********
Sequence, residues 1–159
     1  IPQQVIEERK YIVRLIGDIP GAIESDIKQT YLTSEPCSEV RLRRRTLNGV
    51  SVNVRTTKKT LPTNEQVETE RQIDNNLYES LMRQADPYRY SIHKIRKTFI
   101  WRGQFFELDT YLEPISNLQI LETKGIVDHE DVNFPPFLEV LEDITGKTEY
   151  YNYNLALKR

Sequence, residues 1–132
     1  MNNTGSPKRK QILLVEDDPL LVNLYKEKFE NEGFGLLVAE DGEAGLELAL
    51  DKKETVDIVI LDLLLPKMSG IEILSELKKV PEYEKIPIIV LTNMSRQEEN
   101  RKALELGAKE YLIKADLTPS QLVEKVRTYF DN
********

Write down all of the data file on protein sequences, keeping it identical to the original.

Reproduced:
Sequence, residues 1–159
     1  IPQQVIEERK YIVRLIGDIP GAIESDIKQT YLTSEPCSEV RLRRRTLNGV
    51  SVNVRTTKKT LPTNEQVETE RQIDNNLYES LMRQADPYRY SIHKIRKTFI
   101  WRGQFFELDT YLEPISNLQI LETKGIVDHE DVNFPPFLEV LEDITGKTEY
   151  YNYNLALKR

Sequence, residues 1–132
     1  MNNTGSPKRK QILLVEDDPL LVNLYKEKFE NEGFGLLVAE DGEAGLELAL
    51  DKKETVDIVI LDLLLPKMSG IEILSELKKV PEYEKIPIIV LTNMSRQEEN
   101  RKALELGAKE YLIKADLTPS QLVEKVRTYF DN